The difference between a conversation that happens naturally versus one that’s forced is astounding. As a content marketer, which side are you on? Content marketing is moving away from the “fixed schedule” model into a hybrid approach that uses data to determine well-timed content delivery.
After all, content sharing and engagement are much more dynamic than they were a few years ago. LinkedIn’s Mike Weir, who is the marketing lead for the company’s technology sector, thinks real-time content publishing is one of the most important challenges facing today’s content marketer: “How do you blend what you think your audience should know with what they’re talking about today? This is a challenge that requires a structured approach. Content marketers must deliver more content that addresses the conversation happening right now.” For many of you, real-time content publishing is a challenge. It requires on-demand content producers who are ready to research and write about a topic at a moment’s notice. Plus, you have an editorial calendar packed with high-value content. How do you make sure everything works in sync? First, you need to categorize your content based on how you’re timing its delivery.
The three types of content (based on timing) Content marketing that strives to meet real-time demands requires a new approach — one that doesn’t rely solely on last-minute content creation. “Becoming more dynamic is a demanding task for content marketers,” Mike explains. “You need great coordination across marketing teams, and a solid editorial calendar. You also need to monitor the conversations that are happening, isolate the biggest trends, and turn the insights into content. There’s a lot of science involved in all of this.” More dynamic content requires a structured plan. According to Mike, a strong content marketing program has three categories of content:
1. Content you think your audience needs to understand the market and your products: Most of you already create thought leadership content. Much of it is based on what you think your audience needs to know to understand the market. Some of it is necessary to help potential customers see the value in your products. “This is the no-brainer category — content that you’ve identified as important for understanding your brand’s role in the market,” Mike explains. Universal conversations tend to play a role in the creation of this content. These are discussions that your target audience will always have, revolving around timeless yet crucial topics. Long-standing best practices, tips, and tricks usually work well in this category, as do longer-term explanations of your market.
2. Content that sits in storage, waiting for its day in the sun: A content repository is a crucial part of the marketer’s playbook. This content may be evergreen (like the first category), but would benefit from an uptick in audience interest. A simple example here might be holiday content. Retailers start pushing Christmas gift ideas around Thanksgiving, for instance. Based on past years, they can predict when their audience will start searching for gifting advice. Today, we can drill even deeper to find less-obvious timing cues. A small news development inside or outside of your industry could trigger a wider conversation about a specific topic. A small bug fix on a new tablet, for example, could have wide implications for the future of the health industry. More and more of the content in our first category can and should be shifted into your repository. That way, you can deliver that content as soon as you see a specific topic gain traction. “Content in your repository is just waiting for the right moment to strike,” Mike says. “Social listening tools are essential for understanding when that moment has come so you can deploy the content into organic conversations to maximize its social engagement.”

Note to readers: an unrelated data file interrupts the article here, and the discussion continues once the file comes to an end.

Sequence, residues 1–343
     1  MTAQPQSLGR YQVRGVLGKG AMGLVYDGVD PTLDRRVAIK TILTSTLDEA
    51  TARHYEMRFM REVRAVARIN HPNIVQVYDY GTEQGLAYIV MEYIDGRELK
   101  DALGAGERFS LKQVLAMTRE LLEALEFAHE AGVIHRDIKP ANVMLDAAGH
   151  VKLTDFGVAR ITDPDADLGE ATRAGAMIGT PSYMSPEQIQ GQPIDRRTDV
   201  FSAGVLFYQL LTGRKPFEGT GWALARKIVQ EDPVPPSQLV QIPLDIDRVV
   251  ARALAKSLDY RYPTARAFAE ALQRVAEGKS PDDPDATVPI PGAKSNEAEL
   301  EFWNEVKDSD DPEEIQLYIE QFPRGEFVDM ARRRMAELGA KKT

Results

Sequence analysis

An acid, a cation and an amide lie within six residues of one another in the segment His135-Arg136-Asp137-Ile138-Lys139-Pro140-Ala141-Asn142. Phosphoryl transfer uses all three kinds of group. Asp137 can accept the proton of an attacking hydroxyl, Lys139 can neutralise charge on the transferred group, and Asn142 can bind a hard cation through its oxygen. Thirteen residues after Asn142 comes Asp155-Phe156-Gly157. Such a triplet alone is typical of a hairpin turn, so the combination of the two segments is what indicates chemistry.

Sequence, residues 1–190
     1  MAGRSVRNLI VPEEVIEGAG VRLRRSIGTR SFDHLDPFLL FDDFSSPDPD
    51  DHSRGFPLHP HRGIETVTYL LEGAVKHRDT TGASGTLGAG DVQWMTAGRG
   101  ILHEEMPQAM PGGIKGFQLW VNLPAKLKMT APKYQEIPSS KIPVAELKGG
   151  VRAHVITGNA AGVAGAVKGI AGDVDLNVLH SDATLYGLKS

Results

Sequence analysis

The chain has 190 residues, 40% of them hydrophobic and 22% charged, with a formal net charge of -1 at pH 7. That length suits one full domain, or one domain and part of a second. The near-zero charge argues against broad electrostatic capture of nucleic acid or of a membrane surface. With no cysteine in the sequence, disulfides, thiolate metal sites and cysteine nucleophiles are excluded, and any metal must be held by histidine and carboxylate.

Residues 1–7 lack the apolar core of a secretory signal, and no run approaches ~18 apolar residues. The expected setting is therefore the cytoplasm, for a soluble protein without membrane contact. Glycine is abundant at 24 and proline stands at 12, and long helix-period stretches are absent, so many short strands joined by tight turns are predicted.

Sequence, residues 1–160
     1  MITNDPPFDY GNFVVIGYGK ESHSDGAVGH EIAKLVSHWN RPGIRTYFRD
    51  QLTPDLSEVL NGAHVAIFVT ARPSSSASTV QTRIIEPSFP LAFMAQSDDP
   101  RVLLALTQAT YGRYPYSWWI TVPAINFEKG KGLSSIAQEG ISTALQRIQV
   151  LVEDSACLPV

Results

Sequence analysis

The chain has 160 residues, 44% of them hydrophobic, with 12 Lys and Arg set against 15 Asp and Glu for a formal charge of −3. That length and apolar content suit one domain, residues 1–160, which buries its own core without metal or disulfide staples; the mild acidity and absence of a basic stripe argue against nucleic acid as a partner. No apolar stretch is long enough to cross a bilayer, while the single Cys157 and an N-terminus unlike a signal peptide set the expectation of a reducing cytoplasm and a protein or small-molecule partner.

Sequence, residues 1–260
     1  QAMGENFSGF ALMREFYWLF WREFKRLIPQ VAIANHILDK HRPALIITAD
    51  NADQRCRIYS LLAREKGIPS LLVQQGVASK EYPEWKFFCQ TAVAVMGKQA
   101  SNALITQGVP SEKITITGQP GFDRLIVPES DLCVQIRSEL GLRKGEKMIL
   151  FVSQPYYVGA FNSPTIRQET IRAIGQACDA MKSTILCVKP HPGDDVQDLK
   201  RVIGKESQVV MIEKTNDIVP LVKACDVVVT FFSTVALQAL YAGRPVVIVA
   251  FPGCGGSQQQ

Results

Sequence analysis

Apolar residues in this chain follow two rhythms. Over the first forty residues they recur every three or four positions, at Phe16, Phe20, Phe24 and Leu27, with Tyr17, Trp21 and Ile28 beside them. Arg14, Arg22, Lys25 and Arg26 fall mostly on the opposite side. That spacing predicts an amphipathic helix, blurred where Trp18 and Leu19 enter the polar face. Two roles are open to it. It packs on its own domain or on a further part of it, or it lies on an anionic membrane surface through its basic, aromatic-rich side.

3. Content created in real time to address hot new topics: There’s a fine line between staying informed and getting ahead. Crossing that line has major implications for a content marketing program. Delivering content that capitalizes on buzz in real time is tough. Here’s where social listening tools become even more valuable. “Arriving late to the conversation means you’ve missed your opportunity,” Mike explains. “The right social listening tools make sure you can hear what’s happening in real time and deliver content that drives the conversation forward. As marketer’s adapt their organization structure and agency partnerships, they can apply the social listening insights to create content in shorter cycles — aka newsroom content production — so they’re filling gaps in their content repository without missing critical conversations.” Augmenting your typical content strategy with real-time understanding of trends gives content marketers a huge advantage. To join the conversation, you have to hear what your audience is saying.Share this post